Dr. Daniel Dries, left, and Dr. Mark Drazner found that enalapril, an ACE inhibitor commonly given to patients with heart failure, is just as effective for black patients with heart failure as it is for white patients.
A drug widely used to treat patients with heart failure is as effective for black patients as it is for white patients, according to researchers at UT Southwestern Medical Center at Dallas.
The results of this analysis do not support the hypothesis that black patients with heart failure may not respond as well to angiotensin-converting enzyme (ACE) inhibitors as white patients with heart failure, said Dr. Daniel Dries, lead author of the study in today’s issue of the Journal of the American College of Cardiology and assistant professor of internal medicine at UT Southwestern.
"Although the black participants responded equally well to the ACE-inhibitor as white participants, they still had overall increased rates of progression to heart failure," Dries said. "The precise explanation for the racial differences in the natural history of asymptomatic reductions in pump function is not known, but these data indicate that it is not explained by racial differences in response to ACE-inhibitor therapy."
Amy Shields | EurekAlert
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Controlling electronic current is essential to modern electronics, as data and signals are transferred by streams of electrons which are controlled at high speed. Demands on transmission speeds are also increasing as technology develops. Scientists from the Chair of Laser Physics and the Chair of Applied Physics at Friedrich-Alexander-Universität Erlangen-Nürnberg (FAU) have succeeded in switching on a current with a desired direction in graphene using a single laser pulse within a femtosecond ¬¬ – a femtosecond corresponds to the millionth part of a billionth of a second. This is more than a thousand times faster compared to the most efficient transistors today.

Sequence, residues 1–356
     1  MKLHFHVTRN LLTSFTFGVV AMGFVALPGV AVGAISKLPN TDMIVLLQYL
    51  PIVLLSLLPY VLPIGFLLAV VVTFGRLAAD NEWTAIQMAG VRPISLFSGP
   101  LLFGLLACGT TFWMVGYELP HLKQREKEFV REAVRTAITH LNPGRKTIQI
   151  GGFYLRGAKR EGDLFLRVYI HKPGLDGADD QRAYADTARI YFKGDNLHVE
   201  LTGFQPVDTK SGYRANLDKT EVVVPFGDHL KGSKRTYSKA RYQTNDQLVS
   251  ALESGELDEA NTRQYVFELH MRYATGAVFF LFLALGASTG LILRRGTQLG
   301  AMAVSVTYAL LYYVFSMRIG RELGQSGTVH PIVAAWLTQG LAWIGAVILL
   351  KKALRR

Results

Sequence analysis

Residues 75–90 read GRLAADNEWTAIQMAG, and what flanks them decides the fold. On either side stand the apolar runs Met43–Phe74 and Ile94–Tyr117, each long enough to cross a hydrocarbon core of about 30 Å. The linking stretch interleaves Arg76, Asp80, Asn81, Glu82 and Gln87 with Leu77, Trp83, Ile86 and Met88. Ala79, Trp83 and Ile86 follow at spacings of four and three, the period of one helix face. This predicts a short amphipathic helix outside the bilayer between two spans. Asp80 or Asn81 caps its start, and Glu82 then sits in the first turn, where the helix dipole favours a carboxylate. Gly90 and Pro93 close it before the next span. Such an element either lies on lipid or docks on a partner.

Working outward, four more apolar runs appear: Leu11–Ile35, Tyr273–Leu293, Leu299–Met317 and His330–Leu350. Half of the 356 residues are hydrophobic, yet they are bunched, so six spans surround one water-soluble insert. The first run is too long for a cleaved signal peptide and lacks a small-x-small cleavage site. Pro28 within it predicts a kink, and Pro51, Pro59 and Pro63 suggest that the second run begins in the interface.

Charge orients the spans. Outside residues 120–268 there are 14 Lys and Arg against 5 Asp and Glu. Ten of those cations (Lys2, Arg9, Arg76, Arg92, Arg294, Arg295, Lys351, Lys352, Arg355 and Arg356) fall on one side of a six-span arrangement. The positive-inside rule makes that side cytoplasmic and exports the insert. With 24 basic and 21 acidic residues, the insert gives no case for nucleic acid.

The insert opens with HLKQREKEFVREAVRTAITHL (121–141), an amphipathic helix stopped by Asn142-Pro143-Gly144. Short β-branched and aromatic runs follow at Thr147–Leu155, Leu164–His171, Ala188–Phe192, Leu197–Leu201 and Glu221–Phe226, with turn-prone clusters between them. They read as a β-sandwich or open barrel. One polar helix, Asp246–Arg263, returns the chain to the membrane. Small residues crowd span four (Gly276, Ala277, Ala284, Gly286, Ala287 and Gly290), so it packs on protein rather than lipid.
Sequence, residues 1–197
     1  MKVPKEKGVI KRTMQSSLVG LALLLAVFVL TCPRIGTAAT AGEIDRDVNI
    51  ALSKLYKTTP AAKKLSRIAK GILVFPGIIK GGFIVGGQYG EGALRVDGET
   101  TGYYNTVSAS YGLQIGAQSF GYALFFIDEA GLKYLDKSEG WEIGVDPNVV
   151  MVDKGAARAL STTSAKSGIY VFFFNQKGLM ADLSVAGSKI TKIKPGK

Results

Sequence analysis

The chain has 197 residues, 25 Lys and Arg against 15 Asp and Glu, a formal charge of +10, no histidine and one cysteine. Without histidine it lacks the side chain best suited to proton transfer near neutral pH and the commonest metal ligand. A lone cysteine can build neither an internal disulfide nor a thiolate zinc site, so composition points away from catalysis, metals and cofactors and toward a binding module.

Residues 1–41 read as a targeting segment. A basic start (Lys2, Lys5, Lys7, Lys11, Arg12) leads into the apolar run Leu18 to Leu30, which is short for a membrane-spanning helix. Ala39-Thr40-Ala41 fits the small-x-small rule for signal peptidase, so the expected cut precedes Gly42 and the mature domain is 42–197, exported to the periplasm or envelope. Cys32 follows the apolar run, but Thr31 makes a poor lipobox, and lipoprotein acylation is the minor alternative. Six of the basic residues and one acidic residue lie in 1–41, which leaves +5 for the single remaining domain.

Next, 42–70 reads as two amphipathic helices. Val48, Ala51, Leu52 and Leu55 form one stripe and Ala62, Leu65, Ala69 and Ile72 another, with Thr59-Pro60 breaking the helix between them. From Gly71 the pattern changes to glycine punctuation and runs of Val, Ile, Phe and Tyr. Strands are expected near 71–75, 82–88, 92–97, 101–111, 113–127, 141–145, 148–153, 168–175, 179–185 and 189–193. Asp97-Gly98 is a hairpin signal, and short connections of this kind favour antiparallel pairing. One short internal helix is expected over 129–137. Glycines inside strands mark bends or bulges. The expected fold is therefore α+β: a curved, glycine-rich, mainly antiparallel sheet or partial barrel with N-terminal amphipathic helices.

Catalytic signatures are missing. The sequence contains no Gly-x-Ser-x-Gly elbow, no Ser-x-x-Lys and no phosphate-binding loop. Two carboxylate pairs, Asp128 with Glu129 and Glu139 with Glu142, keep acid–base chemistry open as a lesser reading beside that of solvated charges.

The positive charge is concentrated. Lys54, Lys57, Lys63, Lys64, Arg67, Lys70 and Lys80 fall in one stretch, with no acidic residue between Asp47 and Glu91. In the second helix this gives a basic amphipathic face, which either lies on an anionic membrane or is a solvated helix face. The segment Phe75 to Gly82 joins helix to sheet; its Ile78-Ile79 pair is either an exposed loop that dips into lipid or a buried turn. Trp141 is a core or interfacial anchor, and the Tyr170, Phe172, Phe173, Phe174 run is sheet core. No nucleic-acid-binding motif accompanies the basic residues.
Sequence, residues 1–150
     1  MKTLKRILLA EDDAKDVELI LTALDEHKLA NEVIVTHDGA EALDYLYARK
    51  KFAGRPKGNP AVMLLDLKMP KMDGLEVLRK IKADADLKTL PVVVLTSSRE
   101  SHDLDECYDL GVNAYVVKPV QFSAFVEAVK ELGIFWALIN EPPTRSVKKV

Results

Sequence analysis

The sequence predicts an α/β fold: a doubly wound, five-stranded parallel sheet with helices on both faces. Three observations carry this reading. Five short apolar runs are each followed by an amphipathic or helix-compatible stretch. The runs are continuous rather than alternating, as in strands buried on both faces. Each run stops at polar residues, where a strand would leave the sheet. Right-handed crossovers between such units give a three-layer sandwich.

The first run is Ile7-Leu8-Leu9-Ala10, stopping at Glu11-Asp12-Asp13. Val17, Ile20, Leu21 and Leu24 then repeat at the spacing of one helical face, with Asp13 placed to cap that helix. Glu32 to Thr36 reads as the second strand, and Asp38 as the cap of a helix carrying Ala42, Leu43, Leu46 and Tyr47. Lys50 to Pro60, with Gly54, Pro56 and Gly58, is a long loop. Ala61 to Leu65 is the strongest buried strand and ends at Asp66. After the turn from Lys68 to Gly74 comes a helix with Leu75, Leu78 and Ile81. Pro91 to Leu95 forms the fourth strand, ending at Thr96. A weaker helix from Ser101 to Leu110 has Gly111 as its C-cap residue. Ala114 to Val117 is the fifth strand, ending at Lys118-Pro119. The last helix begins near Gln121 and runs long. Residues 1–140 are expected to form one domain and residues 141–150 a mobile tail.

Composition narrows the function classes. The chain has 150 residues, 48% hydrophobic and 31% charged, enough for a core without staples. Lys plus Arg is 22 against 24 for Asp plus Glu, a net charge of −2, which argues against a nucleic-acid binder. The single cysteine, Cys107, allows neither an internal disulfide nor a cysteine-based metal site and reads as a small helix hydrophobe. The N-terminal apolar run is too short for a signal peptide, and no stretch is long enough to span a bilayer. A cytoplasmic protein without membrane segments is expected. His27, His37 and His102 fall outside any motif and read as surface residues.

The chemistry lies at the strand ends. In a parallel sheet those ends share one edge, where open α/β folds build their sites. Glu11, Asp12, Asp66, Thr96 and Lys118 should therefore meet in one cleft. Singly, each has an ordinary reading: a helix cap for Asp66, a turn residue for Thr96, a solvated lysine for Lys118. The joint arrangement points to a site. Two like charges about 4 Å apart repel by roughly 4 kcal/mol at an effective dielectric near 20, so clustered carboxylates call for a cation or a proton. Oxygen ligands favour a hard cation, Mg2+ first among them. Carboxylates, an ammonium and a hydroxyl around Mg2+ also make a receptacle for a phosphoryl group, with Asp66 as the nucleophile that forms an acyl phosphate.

Graphene is up to the job
At the productronica trade fair in Munich this November, the Fraunhofer Institute for Laser Technology ILT will be presenting Laser-Based Tape-Automated Bonding, LaserTAB for short. The experts from Aachen will be demonstrating how new battery cells and power electronics can be micro-welded more efficiently and precisely than ever before thanks to new optics and robot support.
Fraunhofer ILT from Aachen relies on a clever combination of robotics and a laser scanner with new optics as well as process monitoring, which it has developed...
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A warming planet
Our brains house extremely complex neuronal circuits, whose detailed structures are still largely unknown. This is especially true for the so-called cerebral cortex of mammals, where among other things vision, thoughts or spatial orientation are being computed. Here the rules by which nerve cells are connected to each other are only partly understood. A team of scientists around Moritz Helmstaedter at the Frankfiurt Max Planck Institute for Brain Research and Helene Schmidt (Humboldt University in Berlin) have now discovered a surprisingly precise nerve cell connectivity pattern in the part of the cerebral cortex that is responsible for orienting the individual animal or human in space.
The researchers report online in Nature (Schmidt et al., 2017. Axonal synapse sorting in medial entorhinal cortex, DOI: 10.1038/nature24005) that synapses in...
Whispering gallery mode (WGM) resonators are used to make tiny micro-lasers, sensors, switches, routers and other devices. These tiny structures rely on a...
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